Social network marketing is about interacting with your audience. Everyone has that buddy who shamelessly pours his/her self-promotion into your social media status reports, and it gets annoying. You have to tell individuals about what you are doing, but it doesn’t need to be one-way.
When discussing social media strategy for artists in Rucker, Ok, honestly, is your social presence contributing to the growth of your fan base? You probably have thoughtfully created material with focus on great content but if no one knows about you, you’ll struggle to achieve a fan base. Musicians just starting spend too much time focusing on self-promotion. For many, the main communications or marketing method they use is social media, but the trouble is that this is a conversation that is single direction, leaving fans with no way to engage, besides making a purchase. Every post turns into a desperate version of “buy my stuff!” While sales needs to be an objective, building your brand and informing the audience in a conversational manner is the ultimate goal. Check out the newartistmodel.com for more resources.
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Say you have 10 social posts over 2 weeks, you should make 7 or so appropriate to your image, approximately 2 about a different project that you support, and 1 or 2 an explicit CTA to buy your promotional item. This content model provides flexibility and the opportunity to be creative with your social voice. This material should not be random. You must really believe in what you are sharing. Whatever you share publicly returns to your brand name. If you publish about an unimportant project, your fans may wonder about the consistency of your message.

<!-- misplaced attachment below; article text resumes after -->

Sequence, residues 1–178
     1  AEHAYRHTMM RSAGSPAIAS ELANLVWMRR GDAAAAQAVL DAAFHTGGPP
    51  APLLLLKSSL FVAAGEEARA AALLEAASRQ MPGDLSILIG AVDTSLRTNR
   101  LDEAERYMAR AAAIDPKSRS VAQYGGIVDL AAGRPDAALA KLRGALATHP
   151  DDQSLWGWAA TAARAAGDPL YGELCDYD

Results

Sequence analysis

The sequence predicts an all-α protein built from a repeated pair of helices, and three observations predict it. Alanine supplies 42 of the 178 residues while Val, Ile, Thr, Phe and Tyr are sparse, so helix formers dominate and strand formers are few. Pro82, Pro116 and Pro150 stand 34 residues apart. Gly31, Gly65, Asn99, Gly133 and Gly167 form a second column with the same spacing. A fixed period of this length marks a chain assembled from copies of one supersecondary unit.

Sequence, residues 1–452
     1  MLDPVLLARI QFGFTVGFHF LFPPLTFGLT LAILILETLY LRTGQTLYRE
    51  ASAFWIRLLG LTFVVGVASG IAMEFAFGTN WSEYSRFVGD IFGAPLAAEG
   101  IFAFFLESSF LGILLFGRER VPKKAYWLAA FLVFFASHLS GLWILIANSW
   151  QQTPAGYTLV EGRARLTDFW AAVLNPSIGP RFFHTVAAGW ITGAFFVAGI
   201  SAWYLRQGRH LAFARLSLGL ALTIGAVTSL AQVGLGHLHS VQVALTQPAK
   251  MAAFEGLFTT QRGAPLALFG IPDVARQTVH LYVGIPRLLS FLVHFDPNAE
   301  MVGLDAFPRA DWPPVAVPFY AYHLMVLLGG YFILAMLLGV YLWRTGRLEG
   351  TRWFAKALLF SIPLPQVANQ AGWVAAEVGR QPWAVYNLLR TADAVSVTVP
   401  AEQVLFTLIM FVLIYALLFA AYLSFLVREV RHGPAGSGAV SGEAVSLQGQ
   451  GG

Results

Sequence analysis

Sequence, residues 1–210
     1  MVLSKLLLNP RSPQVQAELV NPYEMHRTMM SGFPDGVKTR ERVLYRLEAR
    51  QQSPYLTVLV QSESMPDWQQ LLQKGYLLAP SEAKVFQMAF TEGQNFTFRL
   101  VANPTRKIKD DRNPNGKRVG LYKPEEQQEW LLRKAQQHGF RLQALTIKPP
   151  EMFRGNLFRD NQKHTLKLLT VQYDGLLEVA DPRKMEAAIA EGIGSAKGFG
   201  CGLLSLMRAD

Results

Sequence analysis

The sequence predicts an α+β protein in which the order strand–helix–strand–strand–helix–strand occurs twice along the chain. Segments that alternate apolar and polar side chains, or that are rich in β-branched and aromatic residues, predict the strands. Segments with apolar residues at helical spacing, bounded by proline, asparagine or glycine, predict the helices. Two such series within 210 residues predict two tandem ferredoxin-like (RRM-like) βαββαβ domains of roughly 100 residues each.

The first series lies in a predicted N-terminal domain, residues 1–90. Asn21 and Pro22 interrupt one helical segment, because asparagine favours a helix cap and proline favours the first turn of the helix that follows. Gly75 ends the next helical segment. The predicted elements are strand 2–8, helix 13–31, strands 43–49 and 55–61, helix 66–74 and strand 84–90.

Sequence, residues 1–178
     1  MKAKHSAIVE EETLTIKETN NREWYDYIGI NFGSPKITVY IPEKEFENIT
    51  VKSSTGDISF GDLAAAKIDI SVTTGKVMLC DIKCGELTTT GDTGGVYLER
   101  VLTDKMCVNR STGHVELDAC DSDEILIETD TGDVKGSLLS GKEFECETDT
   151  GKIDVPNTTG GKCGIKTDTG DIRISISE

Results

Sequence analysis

70 percent of your social content ought to develop your brand.
The biggest bulk of your material should be centered on your message and brand. Perhaps your brand name is hardcore, however your personality is with a sense of humor. Mix the 2 in a method that offers your fans a window into your personality. Try publishing a photo of you belting in the studio, or composing a sincere note of thanks to your fans. Remember, your fans want to get into your life, so usher them behind the scenes. Show them the exciting, normal, and even the mundane aspects of your day/life. Engage them with your social network. Facebook. Google+. Tumblr. Pinterest. Instagram. Twitter.
20 percent of your social media content ought to be shared from and for other musicians.
If an artist welcomed you to perform with them in Rucker, let your followers in Arizona know about it. Build relationships with other musicians, bands and influencers, and you’ll establish a advantageous network through social media. Think of these bands as amplifiers of your name. As an trending vocalist, you’re continuously gigging with other groups and collaborating with vocalists, independent photographers, recording engineers, graphic designers, etc. Use this 20 percent of your social focus to strengthen these key relationships. All you need is the right artist at the perfect time to tweet about you, and that contract you’ve been seeking maybe waiting in your email. Read how Twitter and Rolling Stone are curating live music gigs.
10 percent of the content should be promotional.
LA based artist Flying Lotus set up a live-stream while playing the recording of recent record, You’re Dead. With Facebook Live, YouTube Live, Instagram, and Snapchat, the options for live video streaming leave no excuse for not doing this.
Managing social media requires attention to detail, but it can be fun. It’s a fantastic way to interact with your audience. The group Korn is yet another example of an artist who has built a loyal base of followers by engaging people even beyond their music.